In my mind I visualized the first group running maybe 10 or 20 feet while first one person climbs up the ladder, followed immediately by the second person. In reality, this didn't happen. The first person was hesitant about jumping on a moving train for the first time (in the dark) and maybe ran for three or four car lengths before finally climbing onto the ladder, and then it was another car length or two before they got the courage to actually step up and around onto the grainer platform. Of course, during all of this running alongside the train, everyone else was reluctant to climb on until they were sure that the first group had gotten safely on board, which was difficult for everyone to see because we were on the outside of a curve and, yes, it was dark.
Envision that while the first group had to run a certain distance along the uneven ballast (in the dark), the second group had to run that distance, as well as however far they would have to run before they were able to get on, leaving the third group to run both distances before they could even think of getting on themselves. As this whole scenario was unfolding, we were now getting around the corner and past the bridge, and it was only a matter of time until the train would be going too fast for "my" group to get on. Seeing this, I yelled at the girl ahead of me to grab the closest ladder, whether or not it was at the front or back of a car. As she turned to hear what I was saying, a water bottle fell from her pack and she slowed to go back and pick it up. This happened while my gaze was far ahead, trying to see if the other four people had indeed gotten on, resulting in me running into her and both of us almost going head over heels. I yelled at her to forget about going back for the water bottle, as the last grainer in the string was right next to us and we had to get this car or else. To her credit she started up again and after running along holding onto the ladder for what seemed like forever she finally climbed on and made her way onto the forward facing platform, and I followed her up the ladder just as a large puddle of water appeared in my path.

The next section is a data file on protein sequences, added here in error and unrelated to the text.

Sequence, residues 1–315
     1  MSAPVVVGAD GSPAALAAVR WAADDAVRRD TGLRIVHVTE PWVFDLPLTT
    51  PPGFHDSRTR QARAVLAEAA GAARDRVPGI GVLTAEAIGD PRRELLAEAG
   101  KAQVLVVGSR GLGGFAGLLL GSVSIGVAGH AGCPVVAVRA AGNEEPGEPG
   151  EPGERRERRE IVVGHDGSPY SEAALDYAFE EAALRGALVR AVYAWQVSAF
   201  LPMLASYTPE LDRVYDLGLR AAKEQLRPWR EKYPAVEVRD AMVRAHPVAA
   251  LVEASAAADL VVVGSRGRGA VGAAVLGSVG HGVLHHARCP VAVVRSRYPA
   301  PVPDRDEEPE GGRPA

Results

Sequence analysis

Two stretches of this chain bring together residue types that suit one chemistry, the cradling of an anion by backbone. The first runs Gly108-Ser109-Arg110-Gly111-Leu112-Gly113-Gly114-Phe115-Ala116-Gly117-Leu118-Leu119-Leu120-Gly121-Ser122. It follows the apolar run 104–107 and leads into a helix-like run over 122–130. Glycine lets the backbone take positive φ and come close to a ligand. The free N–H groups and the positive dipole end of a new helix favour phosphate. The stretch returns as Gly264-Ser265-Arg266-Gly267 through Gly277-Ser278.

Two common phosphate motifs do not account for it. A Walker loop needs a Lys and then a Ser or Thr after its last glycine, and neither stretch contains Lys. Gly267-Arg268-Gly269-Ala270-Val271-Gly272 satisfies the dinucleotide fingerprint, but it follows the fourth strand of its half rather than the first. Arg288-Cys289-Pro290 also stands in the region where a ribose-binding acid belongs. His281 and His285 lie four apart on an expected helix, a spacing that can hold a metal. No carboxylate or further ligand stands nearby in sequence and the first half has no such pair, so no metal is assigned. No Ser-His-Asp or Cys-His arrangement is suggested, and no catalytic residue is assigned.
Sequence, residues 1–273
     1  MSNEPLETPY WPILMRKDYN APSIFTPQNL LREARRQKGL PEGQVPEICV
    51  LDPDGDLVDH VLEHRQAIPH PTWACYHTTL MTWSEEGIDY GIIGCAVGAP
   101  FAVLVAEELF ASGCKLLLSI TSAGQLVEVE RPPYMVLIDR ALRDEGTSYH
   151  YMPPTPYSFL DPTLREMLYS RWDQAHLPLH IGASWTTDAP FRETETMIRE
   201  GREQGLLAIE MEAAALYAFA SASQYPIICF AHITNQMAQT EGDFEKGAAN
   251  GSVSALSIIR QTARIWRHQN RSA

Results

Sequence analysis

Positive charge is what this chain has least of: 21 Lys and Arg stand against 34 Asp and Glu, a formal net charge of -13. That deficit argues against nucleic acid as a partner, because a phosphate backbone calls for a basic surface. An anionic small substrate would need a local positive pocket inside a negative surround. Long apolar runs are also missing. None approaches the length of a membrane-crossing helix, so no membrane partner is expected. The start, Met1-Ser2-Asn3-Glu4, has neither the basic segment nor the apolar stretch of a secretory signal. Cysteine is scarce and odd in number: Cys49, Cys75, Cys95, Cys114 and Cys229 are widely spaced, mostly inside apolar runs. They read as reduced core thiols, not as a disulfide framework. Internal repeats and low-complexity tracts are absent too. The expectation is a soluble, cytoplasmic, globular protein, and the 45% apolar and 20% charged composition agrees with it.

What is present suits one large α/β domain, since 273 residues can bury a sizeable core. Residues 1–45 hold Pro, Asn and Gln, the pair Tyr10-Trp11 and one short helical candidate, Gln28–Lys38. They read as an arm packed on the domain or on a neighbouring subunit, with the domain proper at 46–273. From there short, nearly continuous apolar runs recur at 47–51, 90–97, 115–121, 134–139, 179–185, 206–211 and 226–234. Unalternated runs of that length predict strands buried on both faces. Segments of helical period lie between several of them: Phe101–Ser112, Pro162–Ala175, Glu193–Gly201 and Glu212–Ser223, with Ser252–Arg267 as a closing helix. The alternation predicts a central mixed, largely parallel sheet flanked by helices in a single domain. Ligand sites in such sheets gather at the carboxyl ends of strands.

Out of breath after running for what seemed like a mile or more, we hugged to celebrate her first "catchout", then settled down for the ride. She didn't seem to mind riding in the wind, and after catching my breath and popping open a bottle of White Port, neither did I.